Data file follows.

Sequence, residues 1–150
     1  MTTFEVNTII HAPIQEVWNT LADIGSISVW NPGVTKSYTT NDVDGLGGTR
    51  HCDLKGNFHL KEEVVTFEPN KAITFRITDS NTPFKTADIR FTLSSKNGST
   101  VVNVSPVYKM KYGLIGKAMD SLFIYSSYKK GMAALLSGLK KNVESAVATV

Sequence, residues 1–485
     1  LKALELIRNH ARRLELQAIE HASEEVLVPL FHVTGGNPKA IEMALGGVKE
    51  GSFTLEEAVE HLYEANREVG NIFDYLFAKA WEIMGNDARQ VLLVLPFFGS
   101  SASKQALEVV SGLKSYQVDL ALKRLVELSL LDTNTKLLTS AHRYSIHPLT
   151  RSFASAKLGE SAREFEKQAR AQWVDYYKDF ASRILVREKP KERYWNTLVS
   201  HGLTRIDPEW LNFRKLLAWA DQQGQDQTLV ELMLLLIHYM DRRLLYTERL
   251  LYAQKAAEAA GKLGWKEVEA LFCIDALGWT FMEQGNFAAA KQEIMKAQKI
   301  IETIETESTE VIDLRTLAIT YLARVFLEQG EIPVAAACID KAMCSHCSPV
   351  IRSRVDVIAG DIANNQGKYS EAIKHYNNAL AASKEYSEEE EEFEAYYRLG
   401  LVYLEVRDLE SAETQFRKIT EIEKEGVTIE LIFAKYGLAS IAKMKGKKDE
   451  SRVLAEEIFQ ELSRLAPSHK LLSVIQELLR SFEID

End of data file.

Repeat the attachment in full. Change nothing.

Sequence, residues 1–150
     1  MTTFEVNTII HAPIQEVWNT LADIGSISVW NPGVTKSYTT NDVDGLGGTR
    51  HCDLKGNFHL KEEVVTFEPN KAITFRITDS NTPFKTADIR FTLSSKNGST
   101  VVNVSPVYKM KYGLIGKAMD SLFIYSSYKK GMAALLSGLK KNVESAVATV

Sequence, residues 1–485
     1  LKALELIRNH ARRLELQAIE HASEEVLVPL FHVTGGNPKA IEMALGGVKE
    51  GSFTLEEAVE HLYEANREVG NIFDYLFAKA WEIMGNDARQ VLLVLPFFGS
   101  SASKQALEVV SGLKSYQVDL ALKRLVELSL LDTNTKLLTS AHRYSIHPLT
   151  RSFASAKLGE SAREFEKQAR AQWVDYYKDF ASRILVREKP KERYWNTLVS
   201  HGLTRIDPEW LNFRKLLAWA DQQGQDQTLV ELMLLLIHYM DRRLLYTERL
   251  LYAQKAAEAA GKLGWKEVEA LFCIDALGWT FMEQGNFAAA KQEIMKAQKI
   301  IETIETESTE VIDLRTLAIT YLARVFLEQG EIPVAAACID KAMCSHCSPV
   351  IRSRVDVIAG DIANNQGKYS EAIKHYNNAL AASKEYSEEE EEFEAYYRLG
   401  LVYLEVRDLE SAETQFRKIT EIEKEGVTIE LIFAKYGLAS IAKMKGKKDE
   451  SRVLAEEIFQ ELSRLAPSHK LLSVIQELLR SFEID